Because I live in New England and it may never stop snowing, here is something pretty to look at to lift your spirits. It certainly lifted mine. A friend gave me this plant as a bulb for a Christmas gift. This weekend, during a four-day snow storm, it decided to bloom. Perfect timing for offering some winter cheer. Inspiration: bloom, no matter what.
Category Archives: Inspiration
I love taking bits and pieces of things–paper, wood, anything–and putting them together in different ways. My late grandmother was an expert at this, whether it was putting together a meal, a quilt or a decorative wall covered in magazine pages.
My collage work stems from my earliest memories of that on some unconscious level. And, these recently created fashion brooches–created from bits and pieces of wood and sometimes mixed with other items–do, too. I’m honored to have some of them selected for sale in the Attleboro Museum of Art’s gift shop.
Each year for Christmas, I like to “surprise” myself with art books as gifts. I order the books way ahead of time, wrap them and put them under the tree. I then forget what I ordered and when I open the gift with my name on it on Christmas morning–surprise!
One of my “surprises” this year was Personal Geographies: Explorations in Mixed-Media Mapmaking. I have always loved maps–the lines, the swirls, the shapes, the open invitation to imagine other places. So I love the idea of using the components of maps to make personal art.
The book has exercises in it to get you going on creating these maps. But when I sat down to work on this big piece of paper, using some squeeze bottle craft paints, I had no intention of making a map. However, the notion must have already seeped into my brain because this sure does look like a map.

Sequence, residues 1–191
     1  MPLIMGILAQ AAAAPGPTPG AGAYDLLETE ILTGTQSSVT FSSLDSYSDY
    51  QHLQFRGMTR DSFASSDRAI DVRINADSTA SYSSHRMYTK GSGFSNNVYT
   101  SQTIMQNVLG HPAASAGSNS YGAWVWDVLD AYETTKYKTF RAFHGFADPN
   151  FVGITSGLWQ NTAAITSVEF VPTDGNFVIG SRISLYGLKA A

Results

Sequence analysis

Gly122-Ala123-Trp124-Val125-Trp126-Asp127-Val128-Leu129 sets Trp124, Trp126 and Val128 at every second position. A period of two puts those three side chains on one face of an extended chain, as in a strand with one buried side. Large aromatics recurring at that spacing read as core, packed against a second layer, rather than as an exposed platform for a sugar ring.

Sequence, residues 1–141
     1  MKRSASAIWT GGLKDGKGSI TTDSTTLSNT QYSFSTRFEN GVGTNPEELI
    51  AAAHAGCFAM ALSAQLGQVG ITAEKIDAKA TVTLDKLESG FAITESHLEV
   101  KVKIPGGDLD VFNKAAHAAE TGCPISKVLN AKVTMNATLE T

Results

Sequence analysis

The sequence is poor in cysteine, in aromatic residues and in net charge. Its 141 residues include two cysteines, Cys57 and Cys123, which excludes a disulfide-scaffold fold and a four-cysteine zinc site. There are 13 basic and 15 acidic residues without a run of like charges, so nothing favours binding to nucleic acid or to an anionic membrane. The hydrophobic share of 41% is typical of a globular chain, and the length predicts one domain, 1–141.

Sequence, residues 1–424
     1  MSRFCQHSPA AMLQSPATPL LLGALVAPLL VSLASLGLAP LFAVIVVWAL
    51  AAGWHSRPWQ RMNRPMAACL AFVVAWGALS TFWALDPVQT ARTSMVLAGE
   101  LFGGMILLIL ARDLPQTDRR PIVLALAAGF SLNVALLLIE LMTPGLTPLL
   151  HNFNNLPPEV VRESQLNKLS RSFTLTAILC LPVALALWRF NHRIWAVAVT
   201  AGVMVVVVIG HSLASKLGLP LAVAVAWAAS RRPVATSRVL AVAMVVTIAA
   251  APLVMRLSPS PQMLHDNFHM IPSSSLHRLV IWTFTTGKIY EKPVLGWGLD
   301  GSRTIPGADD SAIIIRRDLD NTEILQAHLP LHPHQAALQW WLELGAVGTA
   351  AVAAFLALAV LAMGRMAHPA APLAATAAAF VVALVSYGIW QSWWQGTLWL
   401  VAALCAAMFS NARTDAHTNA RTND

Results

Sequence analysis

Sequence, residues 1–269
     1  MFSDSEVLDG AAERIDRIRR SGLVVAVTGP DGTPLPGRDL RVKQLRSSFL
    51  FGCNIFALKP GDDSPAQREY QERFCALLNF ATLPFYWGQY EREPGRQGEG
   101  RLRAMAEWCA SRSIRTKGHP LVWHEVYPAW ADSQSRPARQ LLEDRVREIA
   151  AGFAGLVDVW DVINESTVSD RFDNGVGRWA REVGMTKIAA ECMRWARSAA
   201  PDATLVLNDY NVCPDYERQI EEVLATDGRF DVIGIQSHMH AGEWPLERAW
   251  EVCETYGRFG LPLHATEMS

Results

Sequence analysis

I don’t think I’m finished with it, so it might not look anything like this when I’m done. I may even tear it up and use it in collages. I just find it fascinating what the brain takes in and what the Muse does with that information.
Coming to the end of a nice winter break, I finally, finally dragged/pushed myself into the studio to try to get done the work I had promised myself that I would be doing every single day of winter break because I would finally have the “time.”
Well, so funny, this “time” business. I seem to have much more of it than I fool myself into thinking that I don’t have. During break I had plenty of time to watch the “Twilight Zone” marathon; plenty of time to watch back-to-back episodes of “Will & Grace” and “Roseanne” reruns; plenty of time to eat too many portions of the potato salad I will spend the rest of winter working off; but strangely, the “time” to get into the studio was not made.
Procrastination is a bitch. Luckily, I did make time enough to read a great book that showed me this very clearly: The War of Art. I highly recommend this book to any artist. The main point of the book is that we allow so much resistance (in many forms) to stop us from creating and using the talents that we have been given.
The best way to stop it is to just show up and do the work. So, today, that’s what I did. I just showed up at the crafting table, got out a piece of paper, poured some paint on it, and started swirling the paint around. It took great effort to fight off the resistance, the voice saying, “What the hell is this you are painting? It looks like crap!” But I did it. I just worked. No judgement. Just brushes and fingers, painting to the quiet music of the wind blown snow. The result is what you see here above, “Transcending.”
A new year. A new day of just showing up to do the work and letting what happens happen. And then tomorrow.
What a weekend!